comment by DanielLC · 2013-01-25T05:17:30.474Z · score: 5 (5 votes) · LW · GW

Define "soul".

If they're supernatural entities, I don't believe in them. If they're just whatever makes you a person, I believe in them. I believe they can be created, destroyed, modified, and copied. The Julian who walks into the room is not the one who walks out of any of them, and is equally similar to all the ones who walk out, but that doesn't mean there aren't souls involved.

Before anyone starts talking about what is and isn't supernatural, I'm using it to mean fundamentally mental. You have a soul, but it's made of atoms interacting the way you'd expect them to interact, so it's not supernatural.

comment by MaoShan · 2013-01-26T01:12:48.252Z · score: 0 (0 votes) · LW · GW

By soul in this article, I mean a supernatural extra object, but I am aware that many people here rationally reject that notion. What I was trying to get at was that even though we understand that it is not true, many hidden thought processes take the existence of a (supernatural) soul for granted.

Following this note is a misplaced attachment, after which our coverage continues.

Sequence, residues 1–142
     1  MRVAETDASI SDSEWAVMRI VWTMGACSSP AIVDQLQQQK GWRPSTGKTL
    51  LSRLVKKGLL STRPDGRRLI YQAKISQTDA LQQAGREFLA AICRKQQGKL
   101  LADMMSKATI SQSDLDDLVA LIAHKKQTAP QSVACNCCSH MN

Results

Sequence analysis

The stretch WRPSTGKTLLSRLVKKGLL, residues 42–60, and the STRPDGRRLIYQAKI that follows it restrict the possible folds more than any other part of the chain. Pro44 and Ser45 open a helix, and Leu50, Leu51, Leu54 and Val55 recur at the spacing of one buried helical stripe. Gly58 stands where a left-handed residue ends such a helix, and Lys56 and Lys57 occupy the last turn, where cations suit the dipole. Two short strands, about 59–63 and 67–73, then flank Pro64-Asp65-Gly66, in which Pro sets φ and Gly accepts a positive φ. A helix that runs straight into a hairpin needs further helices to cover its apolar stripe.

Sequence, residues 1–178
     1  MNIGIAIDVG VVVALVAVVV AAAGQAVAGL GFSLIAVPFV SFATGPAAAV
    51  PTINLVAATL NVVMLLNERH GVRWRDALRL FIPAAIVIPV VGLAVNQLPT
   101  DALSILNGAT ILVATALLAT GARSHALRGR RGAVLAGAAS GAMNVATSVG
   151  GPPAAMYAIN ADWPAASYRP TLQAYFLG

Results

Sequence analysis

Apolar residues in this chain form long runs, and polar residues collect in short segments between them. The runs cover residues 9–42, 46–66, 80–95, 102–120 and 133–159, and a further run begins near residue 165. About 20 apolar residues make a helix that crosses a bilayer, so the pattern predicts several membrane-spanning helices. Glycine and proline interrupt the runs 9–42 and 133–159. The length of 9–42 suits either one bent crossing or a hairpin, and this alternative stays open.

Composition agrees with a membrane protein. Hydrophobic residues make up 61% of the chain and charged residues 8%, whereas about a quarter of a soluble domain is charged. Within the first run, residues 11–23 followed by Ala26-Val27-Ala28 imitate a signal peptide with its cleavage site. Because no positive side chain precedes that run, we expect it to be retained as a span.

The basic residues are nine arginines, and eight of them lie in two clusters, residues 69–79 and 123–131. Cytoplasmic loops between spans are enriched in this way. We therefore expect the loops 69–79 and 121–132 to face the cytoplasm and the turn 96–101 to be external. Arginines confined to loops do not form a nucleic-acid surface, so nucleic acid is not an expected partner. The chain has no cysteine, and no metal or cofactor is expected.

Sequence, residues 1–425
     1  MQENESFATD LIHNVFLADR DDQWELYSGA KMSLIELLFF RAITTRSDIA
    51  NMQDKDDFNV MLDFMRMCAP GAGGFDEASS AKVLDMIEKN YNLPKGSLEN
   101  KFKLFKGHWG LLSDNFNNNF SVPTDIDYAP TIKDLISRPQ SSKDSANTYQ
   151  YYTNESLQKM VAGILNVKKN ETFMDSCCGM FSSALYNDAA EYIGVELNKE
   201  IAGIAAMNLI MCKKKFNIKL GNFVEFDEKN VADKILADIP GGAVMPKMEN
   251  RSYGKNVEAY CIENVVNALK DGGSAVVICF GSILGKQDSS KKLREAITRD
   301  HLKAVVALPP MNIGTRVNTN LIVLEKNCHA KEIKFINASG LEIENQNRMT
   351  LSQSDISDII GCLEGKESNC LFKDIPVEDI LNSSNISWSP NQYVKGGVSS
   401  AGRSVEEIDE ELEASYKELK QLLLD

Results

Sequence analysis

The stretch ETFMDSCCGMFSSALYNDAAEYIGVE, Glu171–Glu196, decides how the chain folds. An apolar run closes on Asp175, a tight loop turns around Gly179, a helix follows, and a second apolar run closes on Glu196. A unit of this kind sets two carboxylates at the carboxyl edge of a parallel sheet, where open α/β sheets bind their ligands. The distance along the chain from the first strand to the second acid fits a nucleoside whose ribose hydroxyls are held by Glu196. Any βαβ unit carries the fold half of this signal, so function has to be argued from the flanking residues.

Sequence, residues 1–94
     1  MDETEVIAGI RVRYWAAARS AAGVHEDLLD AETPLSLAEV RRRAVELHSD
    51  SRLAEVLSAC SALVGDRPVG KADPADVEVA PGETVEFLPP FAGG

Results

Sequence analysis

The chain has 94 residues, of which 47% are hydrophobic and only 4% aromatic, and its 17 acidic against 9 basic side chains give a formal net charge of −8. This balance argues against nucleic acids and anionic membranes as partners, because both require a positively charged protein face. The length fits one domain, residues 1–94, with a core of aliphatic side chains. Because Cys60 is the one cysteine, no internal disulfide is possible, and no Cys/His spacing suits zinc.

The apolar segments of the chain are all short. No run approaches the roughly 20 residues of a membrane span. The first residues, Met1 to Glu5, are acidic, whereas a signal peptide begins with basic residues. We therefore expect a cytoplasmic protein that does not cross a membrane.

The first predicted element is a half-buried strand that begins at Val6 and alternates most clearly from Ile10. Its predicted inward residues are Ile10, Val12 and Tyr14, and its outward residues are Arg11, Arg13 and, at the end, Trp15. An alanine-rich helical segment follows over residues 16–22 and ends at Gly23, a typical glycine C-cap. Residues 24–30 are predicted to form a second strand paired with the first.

I am curious about the opinions of other people here about what actual physical processes would comprise a non-supernatural soul. If I replaced all of my insides with such advanced electronics that nobody else would notice a difference (without a medical examination), does that mean I have the same soul? If I had to define a soul it would be "whatever it takes internally (mentally and physically) to cause an identical outward behavior as observed in a certain point in time". That satisfies the conditions of your definition, as well, although it is not restricted to "people", but actually comes closer to defining what qualia actually are.